Human Rights Media Trust and
Uhuru Productions presents:



Feature documentary film about three climate justice activists who grapple with what thinking globally and acting locally means in practise

As climate induced disasters are on the rise across Southern Africa, three activists grapple with what thinking globally and acting locally means in practise.

Gabriel Klaasen is leading the charge against coal generated energy in South Africa, where more carbon dioxide is emitted per capita than any other country on Earth. With rising global temperatures caused by the burning of fossil fuels, the stakes are high, not only for the world but also for the millions who live in close proximity to poisonous gases.

In Namibia, Ina-Maria Shikongo is working under tough conditions to stop Canadian company, Recon Africa, from fracking for gas in the Okavango Delta. Recon is threatening food security for the country and its neighbours, not to mention the immense beauty of the delta and its pristine water which has birthed a unique bio-diverse region.

When his hometown, Durban, is devastated by flooding, Kumi Naidoo is stunned by government inaction. He’s clear that people must prepare for what is coming and to organise themselves accordingly. But how do we grow a powerful movement when so few people see climate as the big issue?

Taking place between two major climate conferences – COP26 Glasgow and COP27 Sharm el-Sheikh, Temperature Rising uncovers the barriers to climate action and calls loudly for movement building from below, at a time where the very survival of large numbers of people depends on what activists can get political leaders to do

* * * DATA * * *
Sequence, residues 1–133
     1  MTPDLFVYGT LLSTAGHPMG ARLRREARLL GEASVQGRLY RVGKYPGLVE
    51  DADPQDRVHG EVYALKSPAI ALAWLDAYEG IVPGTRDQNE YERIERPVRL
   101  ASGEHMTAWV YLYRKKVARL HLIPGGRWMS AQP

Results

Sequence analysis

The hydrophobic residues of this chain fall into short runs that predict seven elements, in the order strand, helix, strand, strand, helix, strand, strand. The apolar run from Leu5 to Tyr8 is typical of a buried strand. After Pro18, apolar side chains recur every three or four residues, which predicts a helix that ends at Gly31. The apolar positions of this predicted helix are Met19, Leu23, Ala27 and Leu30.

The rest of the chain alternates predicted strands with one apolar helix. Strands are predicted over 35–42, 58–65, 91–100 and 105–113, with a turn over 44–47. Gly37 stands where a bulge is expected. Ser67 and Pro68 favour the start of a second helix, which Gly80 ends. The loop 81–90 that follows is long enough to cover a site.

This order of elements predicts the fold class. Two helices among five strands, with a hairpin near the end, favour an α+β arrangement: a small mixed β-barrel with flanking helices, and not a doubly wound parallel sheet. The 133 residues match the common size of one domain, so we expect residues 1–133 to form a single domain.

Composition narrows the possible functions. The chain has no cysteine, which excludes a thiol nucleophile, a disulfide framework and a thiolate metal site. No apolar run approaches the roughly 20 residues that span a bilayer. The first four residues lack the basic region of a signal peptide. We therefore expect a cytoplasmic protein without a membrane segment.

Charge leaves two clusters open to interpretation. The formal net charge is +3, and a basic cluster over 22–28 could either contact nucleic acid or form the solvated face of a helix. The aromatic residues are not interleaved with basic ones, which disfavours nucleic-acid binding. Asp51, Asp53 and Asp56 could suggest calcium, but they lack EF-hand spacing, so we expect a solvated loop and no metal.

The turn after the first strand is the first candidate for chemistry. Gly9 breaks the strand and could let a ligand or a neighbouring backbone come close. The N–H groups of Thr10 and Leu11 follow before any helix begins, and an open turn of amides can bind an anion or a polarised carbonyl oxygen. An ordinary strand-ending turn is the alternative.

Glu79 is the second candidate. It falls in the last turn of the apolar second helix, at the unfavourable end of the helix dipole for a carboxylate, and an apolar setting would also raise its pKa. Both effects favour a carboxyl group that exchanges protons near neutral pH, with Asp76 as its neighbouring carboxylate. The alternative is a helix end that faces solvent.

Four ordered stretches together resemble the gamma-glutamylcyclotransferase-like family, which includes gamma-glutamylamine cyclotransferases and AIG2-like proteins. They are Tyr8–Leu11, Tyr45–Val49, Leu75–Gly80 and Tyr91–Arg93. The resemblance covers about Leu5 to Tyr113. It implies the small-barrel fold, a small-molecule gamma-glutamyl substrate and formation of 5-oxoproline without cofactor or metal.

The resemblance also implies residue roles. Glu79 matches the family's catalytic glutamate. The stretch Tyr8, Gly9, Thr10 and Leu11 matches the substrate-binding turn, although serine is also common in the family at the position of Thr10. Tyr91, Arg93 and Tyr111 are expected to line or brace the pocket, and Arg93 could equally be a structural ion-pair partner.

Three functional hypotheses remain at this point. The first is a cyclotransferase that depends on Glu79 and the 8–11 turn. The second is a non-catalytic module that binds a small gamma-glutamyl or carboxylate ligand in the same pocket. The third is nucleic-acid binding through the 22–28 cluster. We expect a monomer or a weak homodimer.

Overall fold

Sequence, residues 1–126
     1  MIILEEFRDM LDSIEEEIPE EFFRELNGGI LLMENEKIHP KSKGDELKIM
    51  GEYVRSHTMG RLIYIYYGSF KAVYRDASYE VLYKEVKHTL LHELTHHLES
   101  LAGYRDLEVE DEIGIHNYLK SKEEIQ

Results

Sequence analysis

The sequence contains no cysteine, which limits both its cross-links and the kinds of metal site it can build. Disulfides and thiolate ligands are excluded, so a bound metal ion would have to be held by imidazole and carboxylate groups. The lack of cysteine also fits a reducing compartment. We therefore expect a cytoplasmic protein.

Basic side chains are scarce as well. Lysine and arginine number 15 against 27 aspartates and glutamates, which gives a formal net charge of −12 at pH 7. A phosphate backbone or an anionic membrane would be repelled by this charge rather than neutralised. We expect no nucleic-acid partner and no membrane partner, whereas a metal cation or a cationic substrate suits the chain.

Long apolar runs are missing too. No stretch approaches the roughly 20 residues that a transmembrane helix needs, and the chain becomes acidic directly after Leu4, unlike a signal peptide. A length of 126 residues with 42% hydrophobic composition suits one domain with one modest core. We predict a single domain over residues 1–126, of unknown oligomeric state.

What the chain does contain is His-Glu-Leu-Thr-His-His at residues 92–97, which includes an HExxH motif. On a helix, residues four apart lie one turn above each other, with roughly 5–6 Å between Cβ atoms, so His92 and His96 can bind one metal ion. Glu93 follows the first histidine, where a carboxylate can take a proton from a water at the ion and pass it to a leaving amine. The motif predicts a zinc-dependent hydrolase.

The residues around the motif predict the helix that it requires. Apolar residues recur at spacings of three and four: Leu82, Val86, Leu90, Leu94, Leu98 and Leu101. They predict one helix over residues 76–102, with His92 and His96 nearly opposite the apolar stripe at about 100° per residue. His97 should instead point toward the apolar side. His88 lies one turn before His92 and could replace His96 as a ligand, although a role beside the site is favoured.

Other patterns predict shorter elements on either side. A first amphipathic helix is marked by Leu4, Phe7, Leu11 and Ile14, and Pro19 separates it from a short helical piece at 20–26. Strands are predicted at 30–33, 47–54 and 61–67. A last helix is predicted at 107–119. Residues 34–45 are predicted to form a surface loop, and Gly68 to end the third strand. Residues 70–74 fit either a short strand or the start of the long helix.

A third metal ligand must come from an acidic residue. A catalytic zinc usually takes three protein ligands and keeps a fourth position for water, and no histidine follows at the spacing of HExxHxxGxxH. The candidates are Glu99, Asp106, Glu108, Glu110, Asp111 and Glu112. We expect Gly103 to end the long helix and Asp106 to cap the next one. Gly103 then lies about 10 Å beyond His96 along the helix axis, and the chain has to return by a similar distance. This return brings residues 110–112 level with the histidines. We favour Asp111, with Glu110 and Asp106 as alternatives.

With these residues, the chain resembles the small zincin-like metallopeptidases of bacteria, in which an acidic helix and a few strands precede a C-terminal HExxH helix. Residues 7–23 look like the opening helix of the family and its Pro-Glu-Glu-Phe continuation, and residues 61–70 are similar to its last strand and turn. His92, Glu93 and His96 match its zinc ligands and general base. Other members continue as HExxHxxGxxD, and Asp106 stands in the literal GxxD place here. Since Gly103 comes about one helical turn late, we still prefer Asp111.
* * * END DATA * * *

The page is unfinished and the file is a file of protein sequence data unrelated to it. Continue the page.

We Need

  • Rapid decarbonisation

  • Climate Jobs

  • Fair Finance

  • Democratic Control by the people

  • Equitable & Resilient Food and Farming Systems

To get there we need:

  • Large Passionate Grassroots movements to enforce action

Join our campaign.

Upcoming Films:

Capturing Water

False Solutions

A marine biologist whose life’s work rebuilding mangrove forests is threatened because adaptation only works if we keep warming levels below 1.5 degrees.

Earth Guardians

A story of food sovereignty and land reform in Zimbabwe. It begins on a farm, where seeds, red earth and feminism come together in a gorgeous tapestry of small scale localised food production.

De L’eau Sur Le Feu

Malagasy filmmaker, Franco Clerc, sets out to find a lasting solution to his country’s deep poverty. The social and environmental impacts of mining rare earth minerals reads like a horror story and Franco, with growing admiration for the young activists that risk everything, decides to join them and use his camera to tell their story.